Monday, March 31, 2008

Remembering Dith Pran

In memory of Dith Pran, Cambodian genocide survivor, inspiration behind the Academy Award-winning movie The Killing Fields, photojournalist for The New York Times...

... and an interpreter who made a tremendous impact on the world.

He passed away yesterday in New Brunswick, New Jersey.

Interpreter Helps Thwart Public Health Outbreak

For anyone who ever had doubts about the important role interpreters play in society at large, here is a story worth noting.

Carol Hidalgo, an interpreter at the Mayo Health System's Austin Medical Center noticed a pattern among patients for whom she was interpreting described the same symptoms and happened to work at the same pork processing facility.

Eventually, a partnership was formed that included the plant, Austin Medical Center, Mayo Clinic, the state health department and the CDC, who are continuing to prevent against further outbreaks of the disease.

Read the full story here.

Friday, March 28, 2008

In the Absence of Words

A new compilation of stories about the impact of interpreting on access health care services has been published by PALS for Health, funded by the California Endowment.

The project is titled In the Absence of Words, and includes some truly wonderful stories. Here are a few quotes:

"The interpreter was able to accurately relay all
of the doctor’s questions and thoroughly explain what I needed to know about my illness. I finally gained an understanding of my medical condition and progress, the treatment plan, and what I needed to be cautious about. This crucial understanding helped dispel my fears and drastically strengthened my faith in my own ability to recover and conquer the disease."

- Testimony of Mrs. Yong-Nan Wu, Language Ambassador, Chinese

"I wasn’t sure if I would be able to express myself, what I was going through, and whether I would be able to receive the care I needed. But my anxiety quickly turned into joy and hope when I learned that the staff had arranged for a professional interpreter to assist me. [...] Many of us, as patients, don’t know that we are entitled to interpretation services when we go to the doctor. Some providers and administrators may know that they need to provide this service, and yet they use untrained staff or anyone else to interpret matters about health that can be about life and death. The solution to these problems, I believe, is to have more training for medical interpreters and to educate the public as well as the providers."

- Testimony of an anonymous client, Japanese

"What I find most rewarding as a health care interpreter is seeing the look of relief on people’s faces when they know they are able to communicate and understand everything during the session with their doctor. They leave their appointment feeling assured that no question is left unanswered."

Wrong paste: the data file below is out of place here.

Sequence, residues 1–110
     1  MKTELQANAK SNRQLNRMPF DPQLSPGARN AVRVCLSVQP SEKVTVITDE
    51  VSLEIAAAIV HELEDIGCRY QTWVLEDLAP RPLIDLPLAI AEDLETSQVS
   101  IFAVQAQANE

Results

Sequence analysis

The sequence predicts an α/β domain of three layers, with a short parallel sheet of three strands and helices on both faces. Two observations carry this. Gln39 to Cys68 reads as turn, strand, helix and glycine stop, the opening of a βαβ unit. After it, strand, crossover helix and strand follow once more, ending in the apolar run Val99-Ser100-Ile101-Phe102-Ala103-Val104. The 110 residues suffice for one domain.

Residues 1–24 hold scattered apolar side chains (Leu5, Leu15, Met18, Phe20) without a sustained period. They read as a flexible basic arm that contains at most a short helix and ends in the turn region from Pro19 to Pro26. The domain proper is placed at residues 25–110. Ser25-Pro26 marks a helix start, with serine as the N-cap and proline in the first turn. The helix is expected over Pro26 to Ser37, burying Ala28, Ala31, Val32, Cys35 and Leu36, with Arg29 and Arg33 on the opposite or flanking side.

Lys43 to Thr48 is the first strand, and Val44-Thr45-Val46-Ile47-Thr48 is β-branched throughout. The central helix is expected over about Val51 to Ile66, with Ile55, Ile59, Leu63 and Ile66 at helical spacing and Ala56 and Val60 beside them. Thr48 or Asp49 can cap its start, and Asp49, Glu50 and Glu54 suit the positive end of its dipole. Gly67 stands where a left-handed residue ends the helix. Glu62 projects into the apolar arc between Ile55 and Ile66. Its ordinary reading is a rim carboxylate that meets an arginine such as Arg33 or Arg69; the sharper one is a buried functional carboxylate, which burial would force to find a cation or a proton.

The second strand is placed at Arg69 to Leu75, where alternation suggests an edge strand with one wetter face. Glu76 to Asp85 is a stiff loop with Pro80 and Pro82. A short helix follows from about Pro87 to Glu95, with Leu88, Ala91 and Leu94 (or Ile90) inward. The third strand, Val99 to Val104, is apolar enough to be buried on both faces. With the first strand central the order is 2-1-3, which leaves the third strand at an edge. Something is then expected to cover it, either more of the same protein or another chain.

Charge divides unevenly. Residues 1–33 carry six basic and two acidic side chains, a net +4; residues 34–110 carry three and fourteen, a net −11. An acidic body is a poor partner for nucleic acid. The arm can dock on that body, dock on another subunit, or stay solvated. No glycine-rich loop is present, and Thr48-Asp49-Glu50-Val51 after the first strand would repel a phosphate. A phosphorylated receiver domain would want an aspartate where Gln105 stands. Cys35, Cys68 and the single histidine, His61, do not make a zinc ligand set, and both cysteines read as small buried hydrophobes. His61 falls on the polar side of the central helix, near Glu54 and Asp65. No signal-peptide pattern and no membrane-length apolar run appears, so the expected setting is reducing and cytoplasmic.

- Testimony of Ms. Ana Maria Garcia, PALS interpreter, Spanish

Friday, March 21, 2008

What does it take to be an interpreter?

Listen to this short Mp3 to hear the answer in a wonderful little gem of a radio program devoted to language.

"Talkin' About Talk is a collection of fascinating insights into language: a series of 52 little essays--conversational in tone, light and anecdotal in style--that encourage language study and invite listeners to look further into the subject of each essay. The series, part of the 2005: The Year of Languages celebration, was co-sponsored by the College of Charleston (SC) and the National Museum of Language. The material was written by a wide-ranging group of experts, including some of the most well-known linguists in America. The architect and voice of Talkin' about Talk is Dr. Rick Rickerson, professor Emeritus at the College of Charleston. Brief biographies of the authors can be found on the College of Charleston website:"

Click here to access all 52 episodes of the program.

Sunday, March 16, 2008

Caught in the Middle

In a previous post, I shared a video clip about interpreting that was very popular. Here is another funny look at the difficult work of interpreting, courtesy of Candid Camera (UK) via YouTube.

This is a perfect example of why professional interpreters, who follow codes of ethics and standards of practice, are a necessity.

Friday, March 7, 2008

Diverse Settings, Fascinating Stories

Ever since the deadline for submissions closed on February 8th, I've been savoring the many wonderful stories that have been received for the From Our Lips to Your Ears project.

I am proud to share that the stories received so far include interpreters from 5 different continents, more than 20 different language pairs, and settings that are extremely diverse - including many of the settings that have been featured in some way in postings here.

Whether it's an interpreter rendering words to the delight of professional soccer fans, an interpreter pronouncing the words, "it's a girl!" to new parents in the maternity ward, or an interpreter helping facilitate a spacewalk, these stories are sure to evoke much emotion, pique much interest, and shed tremendous light on the important work of interpreters.

Many of you have written to request an extension of the deadline, and since I had already extended it once by request, I decided not to extend it a second time, especially given the amount of material received.

However, if you do have a story you'd love to share, don't hesitate to contact me.

Depending on the type of story, there might be a fit. If not, it might work for a second volume in a From Our Lips to Your Ears series, which has been suggested to me by quite a few of you!

Thanks for all your supportive feedback, calls and emails! I will be back soon with more updates, albeit less frequently while I am in the editing stage of this project.